Long story short, I fried my iPhone — there was a small incident involving a nice Seattle day, an open sunroof and a freak rainstorm.
(I live in Seattle. It occasionally rains here.)
The phone kinda works. Somehow, the screen part of the touchscreen got fried. The touch part still works.
Technically, I can receive calls (the slider works) but can’t make them or send/receive texts. Forget looking up directions, checking mail, using apps.
My iPhone 5 is on order (one more week!), so I decided I’d tough it out. It’s been a helluva week.
- “Um. Do you know where Blanchard is?” Stopping and asking someone for directions? That’s so 90s. But, apparently I’ve lost all ability to follow old-school directions — you know, the kind you looked up on MapQuest and printed out?Solution: Well, you’re pulling over and asking the nice stranger.
- Spatial & temporal amnesia. I go to a lot of meetings these days. Forget figuring how to get to 2nd & Blanchard, how do you even know you’re supposed to be at 2nd & Blanchard?! Oh, and you can’t call anyone.Solution: I found this beautiful little app, Sunrise.im — total lifesaver.
- (Actually) Addicted to email. If I have a free second, I’ll check email. (You know, just in case.) Or, “let me just fire off this quick note.”A couple weeks ago, I was at an event with a board member — I spent most of it firing off emails. He called me out afterwards, gently but sternly, for being rude. He was right.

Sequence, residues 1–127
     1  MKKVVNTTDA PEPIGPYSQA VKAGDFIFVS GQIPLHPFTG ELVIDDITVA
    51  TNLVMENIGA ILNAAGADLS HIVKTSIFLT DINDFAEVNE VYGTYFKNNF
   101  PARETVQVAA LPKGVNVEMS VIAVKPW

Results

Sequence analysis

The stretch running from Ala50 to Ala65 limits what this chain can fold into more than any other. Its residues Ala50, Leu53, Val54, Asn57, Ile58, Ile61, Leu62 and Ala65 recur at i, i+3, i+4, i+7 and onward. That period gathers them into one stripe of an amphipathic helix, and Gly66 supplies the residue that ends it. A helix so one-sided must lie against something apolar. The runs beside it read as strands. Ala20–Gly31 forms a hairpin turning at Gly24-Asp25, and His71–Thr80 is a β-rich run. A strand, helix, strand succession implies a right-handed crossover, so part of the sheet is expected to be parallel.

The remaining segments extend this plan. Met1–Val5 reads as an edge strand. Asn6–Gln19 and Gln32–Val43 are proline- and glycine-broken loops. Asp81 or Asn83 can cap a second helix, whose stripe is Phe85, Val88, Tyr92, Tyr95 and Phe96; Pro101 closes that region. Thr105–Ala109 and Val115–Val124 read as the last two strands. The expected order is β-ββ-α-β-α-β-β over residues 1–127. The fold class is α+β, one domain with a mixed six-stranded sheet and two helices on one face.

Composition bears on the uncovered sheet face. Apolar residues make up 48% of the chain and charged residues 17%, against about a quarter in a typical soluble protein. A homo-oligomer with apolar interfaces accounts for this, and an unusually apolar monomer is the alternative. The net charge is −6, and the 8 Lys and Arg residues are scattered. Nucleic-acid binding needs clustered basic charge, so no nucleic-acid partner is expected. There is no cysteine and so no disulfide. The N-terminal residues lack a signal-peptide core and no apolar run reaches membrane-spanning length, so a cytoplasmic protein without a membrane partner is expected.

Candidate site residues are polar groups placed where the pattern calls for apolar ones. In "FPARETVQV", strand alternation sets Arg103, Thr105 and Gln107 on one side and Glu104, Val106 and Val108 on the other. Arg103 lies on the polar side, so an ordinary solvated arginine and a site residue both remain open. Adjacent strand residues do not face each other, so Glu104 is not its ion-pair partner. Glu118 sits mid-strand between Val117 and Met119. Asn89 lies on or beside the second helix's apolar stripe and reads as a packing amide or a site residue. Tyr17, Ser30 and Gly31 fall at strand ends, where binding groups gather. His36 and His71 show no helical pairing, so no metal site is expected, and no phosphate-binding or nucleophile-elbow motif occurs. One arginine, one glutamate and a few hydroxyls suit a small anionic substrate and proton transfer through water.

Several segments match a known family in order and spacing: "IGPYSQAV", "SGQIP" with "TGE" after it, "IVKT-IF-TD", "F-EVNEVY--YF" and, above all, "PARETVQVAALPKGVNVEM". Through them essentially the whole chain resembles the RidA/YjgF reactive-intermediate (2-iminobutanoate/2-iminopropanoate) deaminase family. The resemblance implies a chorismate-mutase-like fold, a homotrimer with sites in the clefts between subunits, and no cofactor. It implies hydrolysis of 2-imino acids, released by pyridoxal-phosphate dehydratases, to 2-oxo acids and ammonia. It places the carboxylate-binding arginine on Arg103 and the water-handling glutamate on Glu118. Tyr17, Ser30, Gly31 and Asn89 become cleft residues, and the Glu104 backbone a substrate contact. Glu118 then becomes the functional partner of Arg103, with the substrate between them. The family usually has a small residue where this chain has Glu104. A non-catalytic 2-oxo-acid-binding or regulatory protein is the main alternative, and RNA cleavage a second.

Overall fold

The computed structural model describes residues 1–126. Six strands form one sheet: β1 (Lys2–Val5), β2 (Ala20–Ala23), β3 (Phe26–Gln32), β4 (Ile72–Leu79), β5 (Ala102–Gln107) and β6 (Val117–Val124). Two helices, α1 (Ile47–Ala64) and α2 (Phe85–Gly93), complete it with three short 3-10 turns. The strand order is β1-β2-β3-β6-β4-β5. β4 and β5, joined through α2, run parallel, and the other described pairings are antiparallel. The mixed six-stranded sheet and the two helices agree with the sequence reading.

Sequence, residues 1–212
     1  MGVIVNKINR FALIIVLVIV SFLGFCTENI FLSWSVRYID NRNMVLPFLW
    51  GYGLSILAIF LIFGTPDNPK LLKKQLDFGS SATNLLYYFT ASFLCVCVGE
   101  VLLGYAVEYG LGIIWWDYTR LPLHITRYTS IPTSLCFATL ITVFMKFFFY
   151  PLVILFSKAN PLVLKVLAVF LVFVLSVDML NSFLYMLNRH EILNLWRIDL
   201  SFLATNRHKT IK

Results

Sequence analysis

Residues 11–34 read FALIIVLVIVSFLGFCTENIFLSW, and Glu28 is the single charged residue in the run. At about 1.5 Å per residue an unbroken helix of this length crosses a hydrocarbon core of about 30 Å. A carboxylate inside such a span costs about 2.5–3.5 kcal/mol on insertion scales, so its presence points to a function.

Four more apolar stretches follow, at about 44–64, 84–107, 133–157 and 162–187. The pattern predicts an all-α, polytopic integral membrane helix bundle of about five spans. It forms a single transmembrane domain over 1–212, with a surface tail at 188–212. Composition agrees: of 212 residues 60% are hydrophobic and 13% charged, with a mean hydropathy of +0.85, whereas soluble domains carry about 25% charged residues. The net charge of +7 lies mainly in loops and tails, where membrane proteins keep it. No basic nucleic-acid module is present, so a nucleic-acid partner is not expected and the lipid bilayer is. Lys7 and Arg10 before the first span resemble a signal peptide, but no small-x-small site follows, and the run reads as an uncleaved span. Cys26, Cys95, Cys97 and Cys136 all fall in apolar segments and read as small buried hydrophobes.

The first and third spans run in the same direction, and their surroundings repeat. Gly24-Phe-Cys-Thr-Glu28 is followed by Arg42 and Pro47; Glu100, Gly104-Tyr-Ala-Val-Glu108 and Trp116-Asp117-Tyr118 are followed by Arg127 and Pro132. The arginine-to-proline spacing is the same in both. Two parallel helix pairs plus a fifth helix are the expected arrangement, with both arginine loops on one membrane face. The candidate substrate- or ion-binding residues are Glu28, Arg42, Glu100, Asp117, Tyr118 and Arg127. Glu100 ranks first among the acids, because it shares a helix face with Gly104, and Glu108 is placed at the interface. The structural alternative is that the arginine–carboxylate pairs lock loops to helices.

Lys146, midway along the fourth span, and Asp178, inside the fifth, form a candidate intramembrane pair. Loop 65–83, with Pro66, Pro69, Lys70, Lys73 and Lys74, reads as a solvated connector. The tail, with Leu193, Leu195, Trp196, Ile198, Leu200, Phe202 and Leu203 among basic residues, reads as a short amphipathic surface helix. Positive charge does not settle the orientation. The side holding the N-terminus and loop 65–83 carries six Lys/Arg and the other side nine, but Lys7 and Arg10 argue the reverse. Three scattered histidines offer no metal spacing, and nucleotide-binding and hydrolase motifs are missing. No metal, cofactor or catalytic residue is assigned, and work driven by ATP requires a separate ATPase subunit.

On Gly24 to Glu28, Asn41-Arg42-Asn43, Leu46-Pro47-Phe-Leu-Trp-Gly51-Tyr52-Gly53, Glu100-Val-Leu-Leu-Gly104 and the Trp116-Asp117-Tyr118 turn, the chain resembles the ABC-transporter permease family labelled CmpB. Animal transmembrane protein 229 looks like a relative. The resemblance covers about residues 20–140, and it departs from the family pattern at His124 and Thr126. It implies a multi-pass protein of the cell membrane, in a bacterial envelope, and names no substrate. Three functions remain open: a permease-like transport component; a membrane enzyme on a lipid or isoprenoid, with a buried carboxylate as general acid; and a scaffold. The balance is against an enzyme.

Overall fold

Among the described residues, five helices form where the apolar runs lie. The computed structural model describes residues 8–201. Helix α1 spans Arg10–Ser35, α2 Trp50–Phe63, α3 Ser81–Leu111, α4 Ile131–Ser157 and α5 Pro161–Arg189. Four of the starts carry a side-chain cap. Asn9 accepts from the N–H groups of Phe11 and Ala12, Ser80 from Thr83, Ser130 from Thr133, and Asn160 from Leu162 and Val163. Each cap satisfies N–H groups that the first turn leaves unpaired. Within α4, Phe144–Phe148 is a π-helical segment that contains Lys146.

Solution: I didn’t realize how bad it was — I found myself struggling with a few spare minutes. The first step? Admitting you have a problem.
- How many pings we get. My phone has been on — I feel it buzz every time. Maybe because I can’t answer them, I notice more how often it buzzes. Normally, each one of them would’ve been an interruption.
And those little red badges — all those missed calls, unread texts, unread emails? That’s a whole ‘nother kind of cognitive pressure.
- Received 1,042 emails.
- Have 248 unheard voicemails and missed calls.
- Still need to read 100+ texts.
But, you know the deepest, darkest thing I learned about myself during my week with no iPhone — no on-the-fly email, no realtime directions, no iCal?
- I liked it. Being fully present, focused & available with another human being is absolutely magical.I’ve always been a data geek — I’ve always liked numbers & data and people have always been a little confusing to me. I’ve been working on it this year. But without my phone, I found myself engaging fully … and in the magic.
While the pace of my life continues to accelerate, this week was a nice reminder that disconnecting can bring back some humanity to life.
Solution: Be present, available. Turning off the ringer isn’t good enough — you might still check who it is (“just in case”). Try leaving your phone behind entirely and see if you feel a difference.
In the end, I conceded defeat. A replacement iPhone just arrived and, as of today, I’ll be back online. So, if you haven’t heard from me in a week — well, I’m sorry, I’ll call you back now.
NOTE 12/22: This post is actually from November. Ironically, after I got my iPhone back, I got pulled back into the whirlwind so quickly I never had a chance to finish it.